Host B.J. Koubaroulis runs through the top plays from high school basketball games in D.C., Maryland and Virginia. (Nick Plum for Synthesis/Koubaroulis LLC/The Washington Post)

In a span of three days last week, Stephan Jiggetts not only helped reverse history but the McNamara guard also made some history of his own.

It all began Tuesday, when McNamara hosted Washington Catholic Athletic Conference rival DeMatha. Since 2003, the Mustangs had lost 20 straight games to DeMatha, and with the Stags up 11 points at halftime, it appeared the streak would continue. But after hearing Coach Marty Keithline push them to pick up their defensive effort, the Mustangs responded.

“We started putting more pressure on guys and creating turnovers that put us in transition,” Jiggetts said.

An eight-point fourth quarter by DeMatha helped the Mustangs cut the deficit to 52-50 with 10 seconds remaining. Keithline drew up a double-screen play for Jiggetts, who found himself wide open at the top of the key for the game-winning three-pointer.

“It’s a real good feeling to finally beat DeMatha, especially at a big place like [the Show Place Arena],” Jiggetts said of the 53-52 victory. “I’ll remember that win for a while.”

The same can be said for the Mustangs’ 63-42 defeat of Carroll on Friday. Jiggetts entered the contest just 14 points away from 1,000 for his career, but Keithline made a point not to tell the Siena recruit.

“In my experience, it’s very nerve-wracking for the kid if he knows, so I didn’t tell him,” Keithline said. “It ended up being a nice surprise for him and his parents. Plus it was his father’s birthday.”

In the fourth quarter, Jiggetts got fouled while converting a layup for his 1,000th point. After he drained the free throw, the game was briefly stopped to recognize Jiggetts, who took a few seconds to catch on.

“I was shocked, really because I had no idea I was close to 1,000,” said Jiggetts, who finished with 15 points. “It’s a great accomplishment. I’m moreso focused on the playoffs and winning a championship than points, but I’ll take it.”

Dorsey hits huge shot for Panthers

Paul VI sophomore Kevin Dorsey admits that he was “real nervous” to take over the point guard position this season — and who could blame him? Not only were expectations high following the Panthers’ run to the WCAC title, but Dorsey had to fill the shoes of 2012 All-Met Player of the Year Patrick Holloway.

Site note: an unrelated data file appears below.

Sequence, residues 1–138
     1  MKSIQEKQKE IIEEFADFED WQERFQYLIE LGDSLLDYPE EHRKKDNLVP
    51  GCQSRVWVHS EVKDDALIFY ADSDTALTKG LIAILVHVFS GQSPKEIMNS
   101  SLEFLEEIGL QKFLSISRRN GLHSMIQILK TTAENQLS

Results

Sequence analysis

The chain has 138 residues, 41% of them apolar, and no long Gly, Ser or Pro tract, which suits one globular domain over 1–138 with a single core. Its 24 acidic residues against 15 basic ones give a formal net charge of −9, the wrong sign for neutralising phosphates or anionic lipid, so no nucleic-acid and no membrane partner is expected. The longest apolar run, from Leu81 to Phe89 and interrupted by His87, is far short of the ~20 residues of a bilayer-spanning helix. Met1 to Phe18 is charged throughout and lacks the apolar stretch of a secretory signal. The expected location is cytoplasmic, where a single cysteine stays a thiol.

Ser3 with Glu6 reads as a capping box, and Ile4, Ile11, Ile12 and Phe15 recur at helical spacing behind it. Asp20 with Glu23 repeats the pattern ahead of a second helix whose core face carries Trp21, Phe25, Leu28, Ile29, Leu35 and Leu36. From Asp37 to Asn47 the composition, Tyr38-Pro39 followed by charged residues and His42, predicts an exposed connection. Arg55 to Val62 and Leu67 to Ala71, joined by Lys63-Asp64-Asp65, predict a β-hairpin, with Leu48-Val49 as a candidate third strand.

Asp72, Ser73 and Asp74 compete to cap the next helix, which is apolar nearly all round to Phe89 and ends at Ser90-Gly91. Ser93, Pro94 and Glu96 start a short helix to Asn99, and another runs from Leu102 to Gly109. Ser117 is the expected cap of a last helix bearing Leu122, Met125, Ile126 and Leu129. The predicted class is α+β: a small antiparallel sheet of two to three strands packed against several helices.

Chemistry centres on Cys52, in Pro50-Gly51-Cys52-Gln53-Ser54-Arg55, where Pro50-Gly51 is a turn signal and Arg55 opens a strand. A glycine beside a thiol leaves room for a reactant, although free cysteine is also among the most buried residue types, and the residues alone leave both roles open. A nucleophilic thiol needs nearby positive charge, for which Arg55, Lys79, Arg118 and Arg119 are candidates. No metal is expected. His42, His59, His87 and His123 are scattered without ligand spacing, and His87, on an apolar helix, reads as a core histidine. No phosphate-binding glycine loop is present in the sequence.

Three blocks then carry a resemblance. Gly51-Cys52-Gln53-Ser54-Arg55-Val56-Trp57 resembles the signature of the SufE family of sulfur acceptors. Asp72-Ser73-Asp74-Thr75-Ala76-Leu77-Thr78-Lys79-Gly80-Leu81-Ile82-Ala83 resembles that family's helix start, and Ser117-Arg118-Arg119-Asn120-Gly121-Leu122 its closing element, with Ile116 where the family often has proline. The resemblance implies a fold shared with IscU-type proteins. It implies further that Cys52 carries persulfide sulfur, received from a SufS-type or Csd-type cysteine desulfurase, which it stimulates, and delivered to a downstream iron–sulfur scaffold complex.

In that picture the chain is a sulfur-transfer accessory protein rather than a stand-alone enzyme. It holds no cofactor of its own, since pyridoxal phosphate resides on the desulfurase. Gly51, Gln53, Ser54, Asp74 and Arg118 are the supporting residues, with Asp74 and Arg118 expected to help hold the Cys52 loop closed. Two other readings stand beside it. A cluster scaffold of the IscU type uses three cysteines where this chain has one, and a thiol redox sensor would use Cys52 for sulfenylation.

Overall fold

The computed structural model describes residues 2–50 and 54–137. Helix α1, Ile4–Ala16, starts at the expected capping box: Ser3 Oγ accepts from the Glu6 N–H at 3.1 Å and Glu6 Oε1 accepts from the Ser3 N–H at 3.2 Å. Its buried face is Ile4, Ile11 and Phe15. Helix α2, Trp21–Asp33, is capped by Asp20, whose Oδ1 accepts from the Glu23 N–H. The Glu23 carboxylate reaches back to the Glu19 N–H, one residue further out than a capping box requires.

Whatever nerves were left during this past weekend’s Bass Pro Tournament of Champions in Missouri, though, are surely gone after Dorsey’s heroics. The sophomore hit two buzzer-beaters in two nights with the last knocking off national power Montverde (Fla.) in the tournament final.

The first shot, a 19-foot jumper, came in a 52-50 semifinal win against St. John Bosco (Calif.) after the Panthers rallied from seven points down in the final two minutes. With the game tied at 50, Coach Glenn Farello drew up a play for Marcus Derrickson, but with the Braves double-teaming the sophomore forward, Dorsey was forced to take control.

“They knew we wanted to get the ball to Marcus, so Franklin [Howard] drove and drew the defender before passing it to me,” said Dorsey, who had 32 text messages waiting for him after the game. “The shot felt good when I let it go and went in.”

Before Saturday’s final, Farello wrote several past No. 1 upsets, including Paul VI’s win against Oak Hill earlier this season, and taped them on the locker room wall to motivate his players.

“They were all great, but the Oak Hill one stuck out to me because that game showed us how good we can be,” Dorsey said. “Some say we’re too young to win, but coach told us that there’s no reason for us not to be good right now.”

After rallying from eight points down to force overtime and watching Montverde’s Kasey Hill hit a game-tying three-pointer, Dorsey dribbled down the clock while staying on the move to avoid a five-second call.

“I saw the clock going down, so I dribbled to the middle, faked, turned around and hit the shot,” Dorsey said. “That one felt good, too, because I practice that shot all the time.”

Dorsey’s game-winner in the 69-67 win punctuated a big night for Panther sophomores. Franklin Howard scored a game-high 24 points while Derrickson had 23 to earn tournament MVP honors.

But the tournament did bring a bit of bad news, too. Junior forward and leading rebounder Quadree Smith sprained his right shoulder in the semifinal win and is expected to miss at least three games, according to Smith and Farello.

Oakton’s Bacon finds his touch

David Brooks remembers the days when Robert Bacon’s three-point attempts barely made it to the basket. But after two years as the “consummate gym rat,” the Oakton coach now calls Bacon his team’s best outside threat.

“Everybody knows he’s able to get to the basket, but he’s worked so much on his game to where he doesn’t really have a weakness,” Brooks said. “He’s been tremendous for him.”

The result has been the 9-6 Cougars winning three of their first four games in Concorde District play and emerging as a threat within the Northern Region following a 7-15 record last season.

In a battle of the district’s top teams on Jan. 10, Bacon hit four three-pointers en route to a game-high 24 points and a 69-56 win against Robinson. Just as impressive was the balanced effort that saw seven different Cougars score.

“At the beginning of the year, the coaches thought we didn’t have much depth, but we have guys like Will Smith and Thomas Tribble stepping up for us and providing quality minutes,” said Bacon, a junior guard who is averaging 18.2 points. “That’s really been essential to us playing well recently.”

Continued big play from their bench will be key for the Cougars, which will make their second go-around in district competition with four of those five teams possessing winning records.